Stream of consciousness

Small efforts can have a profound impact on our environment and the way we interact with it, as demonstrated by the volunteers with the Society of Eco Greater Melawati.

SeeGEM's (Society of Eco Greater Melawati) headquarters is a small, charming cabin, set up close to a small bridge where the Kelang River flows underneath. It is easy to miss the cabin, and even easier to miss the river, which looks like a drain from the outside.

I'm not the first to mistake it. “If you look at the signboard there, they put some (sign of) parit la," says Dr Dhileepan Nair, the Chairman of SeeGEM with a hearty laugh. "Even some authorities, when they came down here, they weren't sure if this was the river."

But this unassuming river holds more importance than the unfortunate signboard it currently has. The water from Taman Melawati, which is a water catchment area, is channeled through 14km pipelines to the water treatment area in Bukit Nanas, providing the daily supply for the residents of Klang Valley.

The committee members of SeeGEM understand this and feel responsible in maintaining the river. They are all long term residents who have been here since the 60s and 70s, when Melawati was developed from rubber plantations into a suburb, and the atmosphere was reminiscent of Cameron Highlands, with its mist shrouded mornings. This sense of belonging drives them to devote their free time and resources to maintain Melawati, in addition to raising a family and keeping their demanding day jobs, some as business owners, engineers and event organisers.

Standing guard: Dr Dhileepan Nair, chairman of SeeGEM.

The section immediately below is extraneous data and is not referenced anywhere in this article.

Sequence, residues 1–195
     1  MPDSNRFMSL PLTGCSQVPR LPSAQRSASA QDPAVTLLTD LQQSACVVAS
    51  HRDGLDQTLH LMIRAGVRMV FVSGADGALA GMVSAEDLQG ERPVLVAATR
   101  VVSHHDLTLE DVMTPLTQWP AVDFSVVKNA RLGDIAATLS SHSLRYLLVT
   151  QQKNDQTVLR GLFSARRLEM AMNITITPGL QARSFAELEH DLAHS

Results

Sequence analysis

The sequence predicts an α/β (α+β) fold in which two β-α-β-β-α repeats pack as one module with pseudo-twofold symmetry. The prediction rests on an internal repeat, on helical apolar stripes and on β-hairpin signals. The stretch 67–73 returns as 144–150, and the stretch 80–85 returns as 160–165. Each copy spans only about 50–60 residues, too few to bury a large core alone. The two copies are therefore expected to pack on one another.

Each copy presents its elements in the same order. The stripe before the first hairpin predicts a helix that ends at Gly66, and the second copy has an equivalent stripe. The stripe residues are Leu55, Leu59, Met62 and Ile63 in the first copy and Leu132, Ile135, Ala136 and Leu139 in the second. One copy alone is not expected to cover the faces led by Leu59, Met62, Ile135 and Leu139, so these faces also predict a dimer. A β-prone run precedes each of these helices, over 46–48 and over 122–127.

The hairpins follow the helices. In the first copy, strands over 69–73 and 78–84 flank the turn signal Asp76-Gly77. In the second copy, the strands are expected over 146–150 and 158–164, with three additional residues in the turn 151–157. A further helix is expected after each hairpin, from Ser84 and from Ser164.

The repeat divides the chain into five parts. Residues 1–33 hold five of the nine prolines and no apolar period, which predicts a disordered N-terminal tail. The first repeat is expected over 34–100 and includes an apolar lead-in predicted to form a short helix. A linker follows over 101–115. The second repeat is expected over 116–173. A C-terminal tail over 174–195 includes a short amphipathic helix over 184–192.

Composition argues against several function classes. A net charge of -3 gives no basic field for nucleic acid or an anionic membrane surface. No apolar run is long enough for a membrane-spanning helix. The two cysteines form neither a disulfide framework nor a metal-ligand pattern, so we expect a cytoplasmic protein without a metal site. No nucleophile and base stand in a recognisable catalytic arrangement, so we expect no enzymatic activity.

They have been volunteering for years as part of smaller, independent groups before being united under SeeGEM, which was initiated a few years ago under the River of Life’s Public Outreach Program. Under this program, local communities along the Klang River, namely from Taman Warisan, Eco-Melawati, Wangsa Melawati, AU2, AU3 and Sierra Ukay are engaged, trained and supported in their efforts to improve water quality and reduce pollution in the targeted rivers.

"We are a small group of people who have a sense of belonging to Melawati, not many have this kind of attitude," says Zulkifli Mohammed, one of the founders and committee member. "It's not easy. Ask Jeenee, every time we want to have a committee program, she's our superwoman," says Zulkifli referring to Jeenee Lee, another founder and committee member.

From left to right: Jeenee Lee, Zulkifli Mohammed, and Dr Dhileepan Nair

"We are very blessed here (in Melawati). We have 3 jewels here: Bukit Tabur, the dam, and the river," says Jeenee. But these natural wonders of Melawati, as well as its proximity to Kuala Lumpur made it prime property, leading to a slew of development within the past few years.

Zulkifli has tried to garner support from the developers, for them to be involved with the community and their efforts, but to no avail.

"We wanted to initiate these programs with the developers. None of them came forward and (proposed initiatives) for 3R (Reduce, Reuse, Recycle) programs. We have the River Rangers program. We have community based programs. But we cannot (continue) to do this if the developers or any corporate companies (in the area) do not have any corporate social responsibility," added Zulkifli.